FENNEL

FENNEL
The vitamin in fennel, vitamin C, is an essential nutrient that boosts the immune system, promotes healthy skin, and aids in the absorption of iron.
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Uses & Effectiveness

Overview

Fennel (Foeniculum vulgare) is an herb with yellow flowers. The dried seeds are used in food. The dried seeds and oil are also used as medicine.

Fennel is native to the Mediterranean, but is now found throughout the world. As medicine, it might relax the colon, and also appears to contain an ingredient that may act like estrogen in the body. As a spice, fennel has an anise-like taste.

People use fennel for menstrual cramps. It is also used for excessive crying in infants (colic), indigestion, and symptoms of menopause, but there is no good scientific evidence to support most of these uses.

Fennel, known for its unique licorice-like flavor, is a rich source of vitamin C, which is not only essential for immune function and collagen production but also acts as a powerful antioxidant, protecting the body against free radical damage and promoting overall health.

Side Effects

When taken by mouth: Fennel is commonly consumed in foods. It is possibly safe when used as medicine at appropriate doses for a short period of time. There isn't enough reliable information to know whether fennel is safe when used long-term. Although rare, side effects might include stomach upset and seizures.

When applied to the skin: Fennel is possibly safe. Fennel can make skin extra sensitive to the sun and make it easier to get a sunburn. Wear sunblock if you are light-skinned.

Interactions

    Moderate Interaction

    Be cautious with this combination

  • Birth control pills (Contraceptive drugs) interacts with FENNEL

    Some birth control pills contain estrogen. Large amounts of fennel might affect estrogen levels in the body. Taking fennel along with birth control pills might decrease the effects of birth control pills. If you take birth control pills along with fennel, use an additional form of birth control such as a condom.

  • ciprofloxacin (Cipro) interacts with FENNEL

    ciprofloxacin is an antibiotic. Fennel might decrease how much ciprofloxacin the body absorbs. Taking fennel along with ciprofloxacin might decrease the effects of ciprofloxacin. To avoid this interaction, take fennel at least one hour after ciprofloxacin.

  • Estrogens interacts with FENNEL

    Large amounts of fennel might have some of the same effects as estrogen. Taking fennel along with estrogen might decrease the effects of estrogen.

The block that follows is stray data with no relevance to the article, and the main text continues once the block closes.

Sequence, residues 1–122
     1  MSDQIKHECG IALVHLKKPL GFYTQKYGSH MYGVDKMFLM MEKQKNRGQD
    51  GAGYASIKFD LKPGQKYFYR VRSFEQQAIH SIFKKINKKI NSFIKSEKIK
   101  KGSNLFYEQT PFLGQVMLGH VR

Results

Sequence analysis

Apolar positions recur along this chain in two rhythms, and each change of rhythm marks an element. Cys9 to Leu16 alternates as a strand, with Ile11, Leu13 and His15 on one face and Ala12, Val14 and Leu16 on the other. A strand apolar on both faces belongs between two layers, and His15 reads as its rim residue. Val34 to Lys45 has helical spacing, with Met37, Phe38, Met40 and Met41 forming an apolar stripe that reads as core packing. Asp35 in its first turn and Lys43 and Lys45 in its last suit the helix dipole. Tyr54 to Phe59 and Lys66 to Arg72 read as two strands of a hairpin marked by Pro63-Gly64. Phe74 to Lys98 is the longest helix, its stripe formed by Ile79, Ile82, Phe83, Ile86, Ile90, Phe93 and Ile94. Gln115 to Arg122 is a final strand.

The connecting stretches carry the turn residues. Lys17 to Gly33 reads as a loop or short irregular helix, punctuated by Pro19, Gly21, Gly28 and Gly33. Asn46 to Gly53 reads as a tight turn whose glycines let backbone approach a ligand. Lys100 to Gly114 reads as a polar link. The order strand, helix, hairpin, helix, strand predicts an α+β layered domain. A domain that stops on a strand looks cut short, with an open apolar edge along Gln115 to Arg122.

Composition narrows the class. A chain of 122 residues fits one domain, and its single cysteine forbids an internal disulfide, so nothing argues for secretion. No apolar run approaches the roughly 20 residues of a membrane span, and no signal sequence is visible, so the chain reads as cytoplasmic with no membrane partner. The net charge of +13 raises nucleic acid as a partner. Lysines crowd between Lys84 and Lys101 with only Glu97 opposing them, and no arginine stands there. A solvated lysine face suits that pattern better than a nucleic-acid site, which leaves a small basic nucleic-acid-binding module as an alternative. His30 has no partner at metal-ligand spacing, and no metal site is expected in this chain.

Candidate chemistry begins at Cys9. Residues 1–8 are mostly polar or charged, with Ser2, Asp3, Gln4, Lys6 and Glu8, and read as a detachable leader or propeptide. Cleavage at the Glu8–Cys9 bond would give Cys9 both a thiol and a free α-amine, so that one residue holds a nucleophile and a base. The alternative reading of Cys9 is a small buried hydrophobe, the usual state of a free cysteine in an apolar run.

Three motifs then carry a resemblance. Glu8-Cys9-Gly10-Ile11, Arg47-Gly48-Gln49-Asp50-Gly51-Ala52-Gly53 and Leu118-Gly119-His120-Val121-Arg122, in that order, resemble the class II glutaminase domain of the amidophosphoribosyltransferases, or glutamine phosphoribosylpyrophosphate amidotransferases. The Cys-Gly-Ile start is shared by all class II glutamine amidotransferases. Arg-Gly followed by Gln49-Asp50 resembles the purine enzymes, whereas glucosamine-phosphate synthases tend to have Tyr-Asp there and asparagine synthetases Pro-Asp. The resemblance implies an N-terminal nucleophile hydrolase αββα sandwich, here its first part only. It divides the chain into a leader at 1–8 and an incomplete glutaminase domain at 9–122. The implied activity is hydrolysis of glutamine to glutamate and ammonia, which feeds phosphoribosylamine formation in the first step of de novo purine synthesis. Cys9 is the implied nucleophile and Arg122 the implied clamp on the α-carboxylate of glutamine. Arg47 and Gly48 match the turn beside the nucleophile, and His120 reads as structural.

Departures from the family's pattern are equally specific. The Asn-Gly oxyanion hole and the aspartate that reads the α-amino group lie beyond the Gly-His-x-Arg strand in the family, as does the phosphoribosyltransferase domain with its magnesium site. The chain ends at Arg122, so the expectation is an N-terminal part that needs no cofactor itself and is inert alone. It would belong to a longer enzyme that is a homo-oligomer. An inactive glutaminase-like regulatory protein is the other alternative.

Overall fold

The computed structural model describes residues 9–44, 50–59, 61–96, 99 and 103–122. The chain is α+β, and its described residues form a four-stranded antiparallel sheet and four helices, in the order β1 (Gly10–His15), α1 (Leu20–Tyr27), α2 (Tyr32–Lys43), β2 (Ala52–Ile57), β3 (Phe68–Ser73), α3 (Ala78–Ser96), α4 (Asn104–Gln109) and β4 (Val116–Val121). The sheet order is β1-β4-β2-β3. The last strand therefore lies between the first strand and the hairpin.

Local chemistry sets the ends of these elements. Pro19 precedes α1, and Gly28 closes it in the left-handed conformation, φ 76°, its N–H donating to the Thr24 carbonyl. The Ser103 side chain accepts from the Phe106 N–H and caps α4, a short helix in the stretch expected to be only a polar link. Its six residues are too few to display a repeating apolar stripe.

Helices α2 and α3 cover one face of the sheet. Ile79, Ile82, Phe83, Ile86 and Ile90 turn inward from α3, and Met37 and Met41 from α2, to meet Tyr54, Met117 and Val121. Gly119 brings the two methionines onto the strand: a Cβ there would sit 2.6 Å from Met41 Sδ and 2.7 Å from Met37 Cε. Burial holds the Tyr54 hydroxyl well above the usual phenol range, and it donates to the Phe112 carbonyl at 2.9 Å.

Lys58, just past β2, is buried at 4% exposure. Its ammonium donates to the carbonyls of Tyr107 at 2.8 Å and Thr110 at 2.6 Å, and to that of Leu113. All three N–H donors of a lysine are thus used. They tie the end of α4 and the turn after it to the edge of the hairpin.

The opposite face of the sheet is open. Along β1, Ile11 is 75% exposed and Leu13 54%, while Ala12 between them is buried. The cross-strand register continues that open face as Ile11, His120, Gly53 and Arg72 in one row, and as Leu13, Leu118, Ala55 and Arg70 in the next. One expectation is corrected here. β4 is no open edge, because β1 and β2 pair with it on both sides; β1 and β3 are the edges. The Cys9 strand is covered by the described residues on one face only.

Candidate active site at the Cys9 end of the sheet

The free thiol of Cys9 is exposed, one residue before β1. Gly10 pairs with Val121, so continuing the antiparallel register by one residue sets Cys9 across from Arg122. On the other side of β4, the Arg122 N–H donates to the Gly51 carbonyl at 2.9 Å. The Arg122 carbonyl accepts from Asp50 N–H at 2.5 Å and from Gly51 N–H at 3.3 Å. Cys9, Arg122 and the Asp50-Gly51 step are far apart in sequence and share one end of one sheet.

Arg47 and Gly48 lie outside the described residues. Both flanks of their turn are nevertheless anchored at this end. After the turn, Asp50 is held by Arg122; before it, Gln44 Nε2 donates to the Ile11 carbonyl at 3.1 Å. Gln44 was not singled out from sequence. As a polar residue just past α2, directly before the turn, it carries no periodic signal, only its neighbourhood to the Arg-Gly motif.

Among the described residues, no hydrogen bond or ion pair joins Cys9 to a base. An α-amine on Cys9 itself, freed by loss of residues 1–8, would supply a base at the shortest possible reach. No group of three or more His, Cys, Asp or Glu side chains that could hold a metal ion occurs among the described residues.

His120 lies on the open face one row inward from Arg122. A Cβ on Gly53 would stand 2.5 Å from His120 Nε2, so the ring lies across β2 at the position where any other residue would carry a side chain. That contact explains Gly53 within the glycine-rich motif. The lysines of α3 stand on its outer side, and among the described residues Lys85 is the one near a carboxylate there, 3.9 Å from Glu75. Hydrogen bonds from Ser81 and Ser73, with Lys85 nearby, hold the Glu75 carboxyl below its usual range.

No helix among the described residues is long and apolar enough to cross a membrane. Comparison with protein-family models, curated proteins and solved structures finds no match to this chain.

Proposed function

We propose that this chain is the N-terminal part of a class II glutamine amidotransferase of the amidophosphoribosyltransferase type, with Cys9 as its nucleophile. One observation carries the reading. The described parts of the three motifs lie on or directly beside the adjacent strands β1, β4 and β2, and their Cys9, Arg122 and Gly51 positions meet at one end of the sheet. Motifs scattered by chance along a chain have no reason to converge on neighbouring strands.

• tamoxifen (Nolvadex) interacts with FENNEL

    Large amounts of fennel seem to affect estrogen levels in the body. Taking fennel along with tamoxifen might decrease the effects of tamoxifen.

  • Medications that slow blood clotting (Anticoagulant / Antiplatelet drugs) interacts with FENNEL

    Fennel might slow blood clotting. Taking fennel along with medications that also slow blood clotting might increase the risk of bruising and bleeding.

  • Medications changed by the liver (Cytochrome P450 3A4 (CYP3A4) substrates) interacts with FENNEL

    Some medications are changed and broken down by the liver. Fennel might change how quickly the liver breaks down these medications. This could change the effects and side effects of these medications.

Special Precautionsand Warnings

When taken by mouth: Fennel is commonly consumed in foods. It is possibly safe when used as medicine at appropriate doses for a short period of time. There isn't enough reliable information to know whether fennel is safe when used long-term. Although rare, side effects might include stomach upset and seizures.

When applied to the skin: Fennel is possibly safe. Fennel can make skin extra sensitive to the sun and make it easier to get a sunburn. Wear sunblock if you are light-skinned. Pregnancy: Fennel is possibly unsafe to use when pregnant. Regularly using fennel has been linked to preterm birth.

Breast-feeding: Fennel is possibly unsafe. There are some reports of breast-feeding infants with damage to their nervous systems after they were exposed to herbal tea containing fennel through breastmilk.

Children: Fennel is possibly safe when used at appropriate doses for up to one week in young infants with colic.

Allergy to celery, carrot or mugwort: Fennel might cause an allergic reaction in people who are sensitive to these plants.

Bleeding disorders: Fennel might slow blood clotting. Taking fennel might increase the risk of bleeding or bruising in people with bleeding disorders.

Hormone-sensitive condition such as breast cancer, uterine cancer, ovarian cancer, endometriosis, or uterine fibroids: Fennel might act like estrogen. If you have any condition that might be made worse by estrogen, do not use fennel.

Dosing

Fennel is available in many different types of products, including essential oils, seed extracts, seed powders, teas, and creams. There isn't enough reliable information to know what an appropriate dose of fennel might be. Keep in mind that natural products are not always necessarily safe and dosages can be important. Be sure to follow relevant directions on product labels and consult a healthcare professional before using.

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